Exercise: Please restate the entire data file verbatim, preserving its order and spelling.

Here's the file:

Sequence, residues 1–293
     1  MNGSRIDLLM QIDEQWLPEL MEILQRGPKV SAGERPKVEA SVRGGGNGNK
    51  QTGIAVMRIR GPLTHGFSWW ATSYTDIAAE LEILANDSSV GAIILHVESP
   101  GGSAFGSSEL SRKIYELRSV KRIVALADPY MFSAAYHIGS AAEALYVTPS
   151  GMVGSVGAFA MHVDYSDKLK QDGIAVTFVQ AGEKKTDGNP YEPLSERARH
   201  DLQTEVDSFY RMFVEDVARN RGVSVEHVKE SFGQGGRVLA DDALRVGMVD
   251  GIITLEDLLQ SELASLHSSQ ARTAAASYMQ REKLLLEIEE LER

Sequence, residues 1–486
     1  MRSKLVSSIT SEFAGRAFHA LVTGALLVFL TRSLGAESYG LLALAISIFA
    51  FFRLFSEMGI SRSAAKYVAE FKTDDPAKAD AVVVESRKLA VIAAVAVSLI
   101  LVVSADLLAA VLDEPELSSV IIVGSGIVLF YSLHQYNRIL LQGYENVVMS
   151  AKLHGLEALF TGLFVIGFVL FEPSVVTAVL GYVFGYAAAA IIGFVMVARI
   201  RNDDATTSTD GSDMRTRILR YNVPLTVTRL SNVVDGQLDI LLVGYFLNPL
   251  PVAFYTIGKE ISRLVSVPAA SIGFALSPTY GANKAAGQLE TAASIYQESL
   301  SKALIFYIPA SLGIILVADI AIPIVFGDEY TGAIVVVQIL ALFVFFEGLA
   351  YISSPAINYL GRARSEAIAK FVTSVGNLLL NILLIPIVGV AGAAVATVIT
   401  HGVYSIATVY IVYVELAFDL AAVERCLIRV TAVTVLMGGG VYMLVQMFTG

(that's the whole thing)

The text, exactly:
Sequence, residues 1–293
     1  MNGSRIDLLM QIDEQWLPEL MEILQRGPKV SAGERPKVEA SVRGGGNGNK
    51  QTGIAVMRIR GPLTHGFSWW ATSYTDIAAE LEILANDSSV GAIILHVESP
   101  GGSAFGSSEL SRKIYELRSV KRIVALADPY MFSAAYHIGS AAEALYVTPS
   151  GMVGSVGAFA MHVDYSDKLK QDGIAVTFVQ AGEKKTDGNP YEPLSERARH
   201  DLQTEVDSFY RMFVEDVARN RGVSVEHVKE SFGQGGRVLA DDALRVGMVD
   251  GIITLEDLLQ SELASLHSSQ ARTAAASYMQ REKLLLEIEE LER

Sequence, residues 1–486
     1  MRSKLVSSIT SEFAGRAFHA LVTGALLVFL TRSLGAESYG LLALAISIFA
    51  FFRLFSEMGI SRSAAKYVAE FKTDDPAKAD AVVVESRKLA VIAAVAVSLI
   101  LVVSADLLAA VLDEPELSSV IIVGSGIVLF YSLHQYNRIL LQGYENVVMS
   151  AKLHGLEALF TGLFVIGFVL FEPSVVTAVL GYVFGYAAAA IIGFVMVARI
   201  RNDDATTSTD GSDMRTRILR YNVPLTVTRL SNVVDGQLDI LLVGYFLNPL
   251  PVAFYTIGKE ISRLVSVPAA SIGFALSPTY GANKAAGQLE TAASIYQESL
   301  SKALIFYIPA SLGIILVADI AIPIVFGDEY TGAIVVVQIL ALFVFFEGLA
   351  YISSPAINYL GRARSEAIAK FVTSVGNLLL NILLIPIVGV AGAAVATVIT
   401  HGVYSIATVY IVYVELAFDL AAVERCLIRV TAVTVLMGGG VYMLVQMFTG